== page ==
Why are politicians so scared of their own parties’ radicalized extremes? How do we re-incentivize political collaboration? To answer these questions, we turn to political scientist Lee Drutman's two-party doom loop. Simply put, this is the theory that it’s our two-party system itself that undermines government efficacy and drives us apart.
It’s pretty straightforward to pinpoint the driving causes of this doom loop. The Political Empathy Project recognizes three big issues, specifically, that we need to address.
80% of all Congressional districts are currently considered ‘safe’ for one party — Democrats and Republicans have cooperated to corrupt fair systems, drawing ridiculous district lines and creating arbitrary third-party restrictions to ensure that primary elections are the only ones that truly matter in most legislative districts.
While it’s true that an estimated 66 percent of eligible Americans voted in the 2020 presidential election — a record turnout — that number is the exception, not the norm. In 2018, just 53 percent of eligible citizens voted, a number marking a four-decade high in midterm election turnout. American voter turnout is slowly increasing, but there’s a long way to go, and voter suppression still runs rampant through our electoral system — in fact, 11 million Americans are currently unable to participate in taxpayer-funded primary elections just because they’re not registered with either of our two dominant political parties.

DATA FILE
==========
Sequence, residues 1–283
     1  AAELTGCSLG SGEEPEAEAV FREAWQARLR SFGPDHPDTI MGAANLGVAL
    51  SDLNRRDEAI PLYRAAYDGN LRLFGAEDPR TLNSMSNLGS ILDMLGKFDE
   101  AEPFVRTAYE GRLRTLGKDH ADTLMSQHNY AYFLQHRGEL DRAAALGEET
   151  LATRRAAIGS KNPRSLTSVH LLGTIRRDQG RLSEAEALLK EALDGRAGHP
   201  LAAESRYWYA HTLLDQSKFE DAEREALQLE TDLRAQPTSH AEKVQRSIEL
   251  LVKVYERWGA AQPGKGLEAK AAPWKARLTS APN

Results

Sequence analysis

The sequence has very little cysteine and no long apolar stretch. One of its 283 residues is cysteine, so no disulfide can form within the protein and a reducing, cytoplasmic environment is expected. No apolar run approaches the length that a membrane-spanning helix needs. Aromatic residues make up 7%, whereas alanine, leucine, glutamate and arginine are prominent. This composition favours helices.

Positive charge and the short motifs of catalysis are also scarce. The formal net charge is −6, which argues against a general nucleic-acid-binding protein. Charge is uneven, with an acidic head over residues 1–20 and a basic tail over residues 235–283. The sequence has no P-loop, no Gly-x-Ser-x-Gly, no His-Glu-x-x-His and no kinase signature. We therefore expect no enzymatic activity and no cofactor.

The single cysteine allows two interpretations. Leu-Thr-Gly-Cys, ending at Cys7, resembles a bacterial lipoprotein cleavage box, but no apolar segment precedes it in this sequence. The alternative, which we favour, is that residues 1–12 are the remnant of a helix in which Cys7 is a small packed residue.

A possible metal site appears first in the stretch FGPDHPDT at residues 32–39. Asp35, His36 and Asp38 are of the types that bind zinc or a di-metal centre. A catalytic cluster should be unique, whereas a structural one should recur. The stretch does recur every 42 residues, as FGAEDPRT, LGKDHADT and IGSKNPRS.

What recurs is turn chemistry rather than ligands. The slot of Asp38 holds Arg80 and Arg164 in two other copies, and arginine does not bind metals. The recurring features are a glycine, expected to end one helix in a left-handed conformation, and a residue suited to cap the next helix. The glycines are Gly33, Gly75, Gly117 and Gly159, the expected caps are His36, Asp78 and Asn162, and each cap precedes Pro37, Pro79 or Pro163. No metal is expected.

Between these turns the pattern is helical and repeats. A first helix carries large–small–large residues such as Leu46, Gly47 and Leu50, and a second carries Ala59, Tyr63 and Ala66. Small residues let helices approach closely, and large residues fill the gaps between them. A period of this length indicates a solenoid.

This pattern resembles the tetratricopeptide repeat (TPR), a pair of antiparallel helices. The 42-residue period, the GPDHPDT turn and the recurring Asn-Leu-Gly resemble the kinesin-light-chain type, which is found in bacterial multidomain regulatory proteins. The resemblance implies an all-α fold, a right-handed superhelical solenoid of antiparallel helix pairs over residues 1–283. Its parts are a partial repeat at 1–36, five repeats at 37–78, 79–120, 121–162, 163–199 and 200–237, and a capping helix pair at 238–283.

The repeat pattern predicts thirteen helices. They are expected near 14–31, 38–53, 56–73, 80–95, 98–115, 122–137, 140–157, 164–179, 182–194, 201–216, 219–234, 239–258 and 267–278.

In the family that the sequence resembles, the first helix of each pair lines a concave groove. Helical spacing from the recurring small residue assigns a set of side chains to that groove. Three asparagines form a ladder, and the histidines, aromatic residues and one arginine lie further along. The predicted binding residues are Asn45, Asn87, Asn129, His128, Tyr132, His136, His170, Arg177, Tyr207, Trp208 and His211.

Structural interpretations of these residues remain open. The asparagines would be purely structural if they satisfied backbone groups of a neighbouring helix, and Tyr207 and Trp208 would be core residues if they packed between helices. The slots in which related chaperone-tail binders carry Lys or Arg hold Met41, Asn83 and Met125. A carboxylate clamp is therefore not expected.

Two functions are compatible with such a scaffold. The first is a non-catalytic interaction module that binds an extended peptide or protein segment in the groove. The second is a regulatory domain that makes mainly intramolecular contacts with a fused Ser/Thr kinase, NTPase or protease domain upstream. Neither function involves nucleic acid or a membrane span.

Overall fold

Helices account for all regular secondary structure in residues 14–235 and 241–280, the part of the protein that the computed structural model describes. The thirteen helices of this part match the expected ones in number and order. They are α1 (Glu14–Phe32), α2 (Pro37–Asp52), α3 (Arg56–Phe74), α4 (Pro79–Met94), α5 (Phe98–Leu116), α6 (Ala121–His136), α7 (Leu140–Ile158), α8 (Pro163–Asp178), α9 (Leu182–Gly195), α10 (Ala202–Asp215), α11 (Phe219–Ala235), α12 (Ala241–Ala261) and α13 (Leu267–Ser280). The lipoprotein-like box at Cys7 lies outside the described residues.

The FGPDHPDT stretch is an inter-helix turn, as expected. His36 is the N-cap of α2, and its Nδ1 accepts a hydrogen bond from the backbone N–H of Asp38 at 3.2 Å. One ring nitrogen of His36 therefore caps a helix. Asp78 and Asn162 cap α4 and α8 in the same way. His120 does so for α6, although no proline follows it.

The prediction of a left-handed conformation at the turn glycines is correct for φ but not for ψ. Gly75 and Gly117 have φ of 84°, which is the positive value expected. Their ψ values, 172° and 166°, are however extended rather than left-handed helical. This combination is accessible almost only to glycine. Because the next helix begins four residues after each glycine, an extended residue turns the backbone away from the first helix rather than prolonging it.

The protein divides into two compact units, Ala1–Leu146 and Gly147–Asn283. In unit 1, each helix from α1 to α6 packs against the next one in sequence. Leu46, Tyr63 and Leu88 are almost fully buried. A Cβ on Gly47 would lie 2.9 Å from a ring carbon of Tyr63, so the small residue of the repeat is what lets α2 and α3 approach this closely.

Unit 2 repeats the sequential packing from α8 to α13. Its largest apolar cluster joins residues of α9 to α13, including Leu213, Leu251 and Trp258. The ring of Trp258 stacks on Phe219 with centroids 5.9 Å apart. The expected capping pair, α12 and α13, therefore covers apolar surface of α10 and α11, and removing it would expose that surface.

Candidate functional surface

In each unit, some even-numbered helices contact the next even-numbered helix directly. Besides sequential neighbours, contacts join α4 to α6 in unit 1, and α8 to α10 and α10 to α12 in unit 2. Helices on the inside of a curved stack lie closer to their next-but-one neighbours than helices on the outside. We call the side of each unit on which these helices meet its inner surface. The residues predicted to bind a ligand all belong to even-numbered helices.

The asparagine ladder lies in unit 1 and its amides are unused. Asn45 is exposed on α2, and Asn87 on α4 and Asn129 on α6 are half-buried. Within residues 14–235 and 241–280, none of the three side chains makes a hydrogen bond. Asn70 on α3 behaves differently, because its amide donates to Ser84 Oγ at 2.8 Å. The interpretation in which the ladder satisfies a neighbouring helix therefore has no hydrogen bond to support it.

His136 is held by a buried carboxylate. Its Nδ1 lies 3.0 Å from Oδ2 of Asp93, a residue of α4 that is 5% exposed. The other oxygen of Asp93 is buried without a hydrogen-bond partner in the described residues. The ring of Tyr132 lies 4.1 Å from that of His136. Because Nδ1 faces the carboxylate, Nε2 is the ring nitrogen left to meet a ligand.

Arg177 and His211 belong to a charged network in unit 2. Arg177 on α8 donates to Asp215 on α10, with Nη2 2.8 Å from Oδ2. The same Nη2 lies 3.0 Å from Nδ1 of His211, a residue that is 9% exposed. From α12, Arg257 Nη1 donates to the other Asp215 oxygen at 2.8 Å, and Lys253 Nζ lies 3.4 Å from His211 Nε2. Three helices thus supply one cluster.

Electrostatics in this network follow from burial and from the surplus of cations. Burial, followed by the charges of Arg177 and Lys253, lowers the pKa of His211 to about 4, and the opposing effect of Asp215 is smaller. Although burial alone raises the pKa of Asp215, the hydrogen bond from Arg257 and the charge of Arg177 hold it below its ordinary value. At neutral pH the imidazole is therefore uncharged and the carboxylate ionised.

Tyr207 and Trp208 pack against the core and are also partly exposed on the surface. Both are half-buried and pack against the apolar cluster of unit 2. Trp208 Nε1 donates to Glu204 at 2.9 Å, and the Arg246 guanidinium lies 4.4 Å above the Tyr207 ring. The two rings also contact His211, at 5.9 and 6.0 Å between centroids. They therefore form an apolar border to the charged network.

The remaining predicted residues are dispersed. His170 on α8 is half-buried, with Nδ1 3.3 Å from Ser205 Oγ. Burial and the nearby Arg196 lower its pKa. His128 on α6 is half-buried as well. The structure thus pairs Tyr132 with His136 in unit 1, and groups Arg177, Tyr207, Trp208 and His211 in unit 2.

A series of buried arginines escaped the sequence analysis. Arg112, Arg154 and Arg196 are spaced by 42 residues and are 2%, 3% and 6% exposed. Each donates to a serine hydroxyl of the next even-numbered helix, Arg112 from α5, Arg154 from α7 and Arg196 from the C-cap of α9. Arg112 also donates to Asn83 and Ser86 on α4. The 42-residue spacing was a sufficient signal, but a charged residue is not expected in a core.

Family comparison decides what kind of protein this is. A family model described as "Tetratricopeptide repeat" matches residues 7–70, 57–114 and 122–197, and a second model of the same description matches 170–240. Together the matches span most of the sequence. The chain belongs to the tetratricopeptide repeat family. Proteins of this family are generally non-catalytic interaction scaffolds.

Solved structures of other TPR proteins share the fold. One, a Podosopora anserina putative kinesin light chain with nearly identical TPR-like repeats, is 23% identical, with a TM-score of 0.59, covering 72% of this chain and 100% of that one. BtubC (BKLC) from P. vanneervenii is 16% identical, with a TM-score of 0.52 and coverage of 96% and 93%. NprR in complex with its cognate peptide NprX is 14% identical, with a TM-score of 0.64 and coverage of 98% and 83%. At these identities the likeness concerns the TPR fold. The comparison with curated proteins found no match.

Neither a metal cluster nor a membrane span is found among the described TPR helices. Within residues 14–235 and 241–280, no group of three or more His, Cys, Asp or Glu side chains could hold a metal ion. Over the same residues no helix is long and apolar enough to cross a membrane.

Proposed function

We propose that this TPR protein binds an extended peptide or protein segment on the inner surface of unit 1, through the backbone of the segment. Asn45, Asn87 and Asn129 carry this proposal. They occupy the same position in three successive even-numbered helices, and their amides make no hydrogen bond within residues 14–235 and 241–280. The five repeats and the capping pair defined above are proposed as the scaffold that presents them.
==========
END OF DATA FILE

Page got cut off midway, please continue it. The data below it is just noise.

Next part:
100 percent of members of Congress who lost their 2018 primaries were defeated by challengers from the extreme left or extreme right. As select party activists and well-funded special interest groups gain control over party primaries, politicians escape accountability from the rest of their constituency.
It’s clear that our fundamentally broken electoral system is the most dangerous threat to our democracy. Our elected officials no longer serve the American public — where once political action and accomplishment were the keys to a successful political career, campaign politics now dominate the electoral landscape. Politicians are beholden not to their constituents, but to their donors: big money corporations, special interest groups, and party leaders.
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